Why Are Hops Used?
Brewers covet the magical properties of the hop and in particular their mix of acids and oils. The powdery lupulin consists largely of complex molecule chains called “humulones,” collectively named “alpha acids.” In addition there are aromatic essential oils.
Beer's bitter bite is derived from these acids, but there's a challenge. Alpha acids won't dissolve in water. With the application of heat the molecules isomerize (rotate) into isohumulone. Basically, a chunk of the molecule flips around, allowing it to bind with water. Wort's roiling boil dissolves the acids by inefficiently extracting a maximum of 30 percent of the available humulones even after 120 minutes of churning.
Why does beer get that skunky aroma?
A reaction between ultraviolet light and isohumulone is responsible. Light causes the isohumulone molecule to decompose into 3-methylbut-2-ene-1-thiol, primary component in skunk's infamous “spray.” The effect is more noticeable in beers bottled in clear or glass bottles that block less UV. One major American brewer uses stabilized isohumulone extracts, preventing skunking in their clear bottle beers.
Malt and sugar's strong, sweet flavors explain the need for a bite. Even after an efficient fermentation, there are residual sugars left. Great for richness and body, the resulting beer tastes toothachingly, sickeningly sweet. The bitterness cuts the remaining sweetness, increasing a beer's drinkability.
Experiment by mixing extract and water, boiling briefly, and transfering to a jug to ferment. After a week's time, take the beer, measure the final gravity, and taste. Notice how the beer lacks zippiness or punch?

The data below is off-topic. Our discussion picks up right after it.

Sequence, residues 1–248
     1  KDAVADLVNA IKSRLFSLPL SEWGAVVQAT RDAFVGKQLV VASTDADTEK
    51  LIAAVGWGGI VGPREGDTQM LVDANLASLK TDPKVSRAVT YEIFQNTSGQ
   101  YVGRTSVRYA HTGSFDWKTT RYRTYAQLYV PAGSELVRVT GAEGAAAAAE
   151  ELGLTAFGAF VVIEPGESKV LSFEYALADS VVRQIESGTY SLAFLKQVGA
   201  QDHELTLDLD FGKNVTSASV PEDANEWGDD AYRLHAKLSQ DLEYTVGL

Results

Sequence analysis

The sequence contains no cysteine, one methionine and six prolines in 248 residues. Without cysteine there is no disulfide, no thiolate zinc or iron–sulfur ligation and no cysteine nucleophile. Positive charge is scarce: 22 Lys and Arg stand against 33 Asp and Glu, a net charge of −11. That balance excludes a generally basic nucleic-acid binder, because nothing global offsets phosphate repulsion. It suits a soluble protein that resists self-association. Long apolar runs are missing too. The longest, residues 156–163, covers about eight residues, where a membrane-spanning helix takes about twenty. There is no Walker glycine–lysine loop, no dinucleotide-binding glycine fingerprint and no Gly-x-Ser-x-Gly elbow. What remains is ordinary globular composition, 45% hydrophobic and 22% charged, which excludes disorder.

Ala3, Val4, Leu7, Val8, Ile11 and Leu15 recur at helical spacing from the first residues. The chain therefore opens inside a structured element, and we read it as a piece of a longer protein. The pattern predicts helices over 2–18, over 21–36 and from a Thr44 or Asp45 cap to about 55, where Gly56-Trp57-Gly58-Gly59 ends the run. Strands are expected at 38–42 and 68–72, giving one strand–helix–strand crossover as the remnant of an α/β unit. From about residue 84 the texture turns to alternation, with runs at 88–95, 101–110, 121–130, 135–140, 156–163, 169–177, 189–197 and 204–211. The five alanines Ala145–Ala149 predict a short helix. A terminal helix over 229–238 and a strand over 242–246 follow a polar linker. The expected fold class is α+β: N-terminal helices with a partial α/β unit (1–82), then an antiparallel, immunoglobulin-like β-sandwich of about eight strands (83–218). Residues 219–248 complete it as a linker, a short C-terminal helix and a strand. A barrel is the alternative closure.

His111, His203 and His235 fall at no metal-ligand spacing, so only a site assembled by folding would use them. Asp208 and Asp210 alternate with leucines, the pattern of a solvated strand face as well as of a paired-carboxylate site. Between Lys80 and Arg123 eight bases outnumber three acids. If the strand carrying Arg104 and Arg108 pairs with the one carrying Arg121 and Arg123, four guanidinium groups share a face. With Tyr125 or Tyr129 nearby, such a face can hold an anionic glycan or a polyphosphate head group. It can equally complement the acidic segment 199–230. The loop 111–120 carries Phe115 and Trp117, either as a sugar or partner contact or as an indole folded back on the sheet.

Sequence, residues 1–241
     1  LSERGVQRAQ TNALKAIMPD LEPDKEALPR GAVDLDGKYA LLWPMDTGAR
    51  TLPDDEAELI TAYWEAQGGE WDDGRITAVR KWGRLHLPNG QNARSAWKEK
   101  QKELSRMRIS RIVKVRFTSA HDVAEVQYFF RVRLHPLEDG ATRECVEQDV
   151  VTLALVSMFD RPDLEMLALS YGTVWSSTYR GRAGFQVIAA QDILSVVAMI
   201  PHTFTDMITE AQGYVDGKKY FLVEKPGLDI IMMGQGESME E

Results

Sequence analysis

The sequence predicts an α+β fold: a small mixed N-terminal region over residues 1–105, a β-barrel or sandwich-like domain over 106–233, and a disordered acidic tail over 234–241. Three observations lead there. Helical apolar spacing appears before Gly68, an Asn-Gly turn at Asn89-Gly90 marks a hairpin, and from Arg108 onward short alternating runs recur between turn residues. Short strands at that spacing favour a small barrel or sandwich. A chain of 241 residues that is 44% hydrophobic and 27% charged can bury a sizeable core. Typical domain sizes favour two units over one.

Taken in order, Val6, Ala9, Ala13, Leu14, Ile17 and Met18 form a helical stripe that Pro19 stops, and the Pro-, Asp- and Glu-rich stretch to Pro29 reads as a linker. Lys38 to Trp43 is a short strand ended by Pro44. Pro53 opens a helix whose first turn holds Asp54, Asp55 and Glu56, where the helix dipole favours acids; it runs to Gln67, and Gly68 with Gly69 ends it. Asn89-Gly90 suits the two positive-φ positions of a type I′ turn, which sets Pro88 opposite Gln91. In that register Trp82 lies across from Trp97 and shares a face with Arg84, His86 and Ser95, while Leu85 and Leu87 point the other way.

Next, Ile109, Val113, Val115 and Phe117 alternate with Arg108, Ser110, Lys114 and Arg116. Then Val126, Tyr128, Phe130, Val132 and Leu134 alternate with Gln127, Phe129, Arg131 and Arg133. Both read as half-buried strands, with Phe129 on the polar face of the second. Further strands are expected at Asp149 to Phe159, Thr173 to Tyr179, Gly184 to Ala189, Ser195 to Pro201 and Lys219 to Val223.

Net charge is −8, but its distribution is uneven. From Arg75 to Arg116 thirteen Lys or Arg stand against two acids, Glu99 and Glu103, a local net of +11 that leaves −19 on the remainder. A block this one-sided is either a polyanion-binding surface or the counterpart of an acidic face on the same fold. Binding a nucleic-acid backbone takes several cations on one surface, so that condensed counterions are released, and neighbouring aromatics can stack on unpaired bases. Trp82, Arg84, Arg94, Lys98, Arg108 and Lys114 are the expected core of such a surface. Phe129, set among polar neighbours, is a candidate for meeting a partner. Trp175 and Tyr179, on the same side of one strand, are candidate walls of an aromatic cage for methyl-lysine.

In addition to the bitterness, hop oils contribute aroma: pine, woody resin, flowers, grassiness, spices, citrus, cattiness, and more. The variety and amount of oils diverge widely, based on hop type and location grown, which is important to remember when shopping for hops. Using Argentinean Cascades in place of American Cascades yields disappointing results, as the Argentinean crop is herbal and spicy, lacking the citrus character of American Cascade.
Before there was microbiology, brewers knew that beer soured quickly. The beers with hops lasted longer and stayed pure. Hops have a secret property, a limited antibacterial effect that is particularly effective against lactobacillus, beer's biggest natural predator. This is also why you don't have to worry about sanitizing hops when dry hopping. Hopped beer pours clearer because hop tannins bind with haze-causing proteins.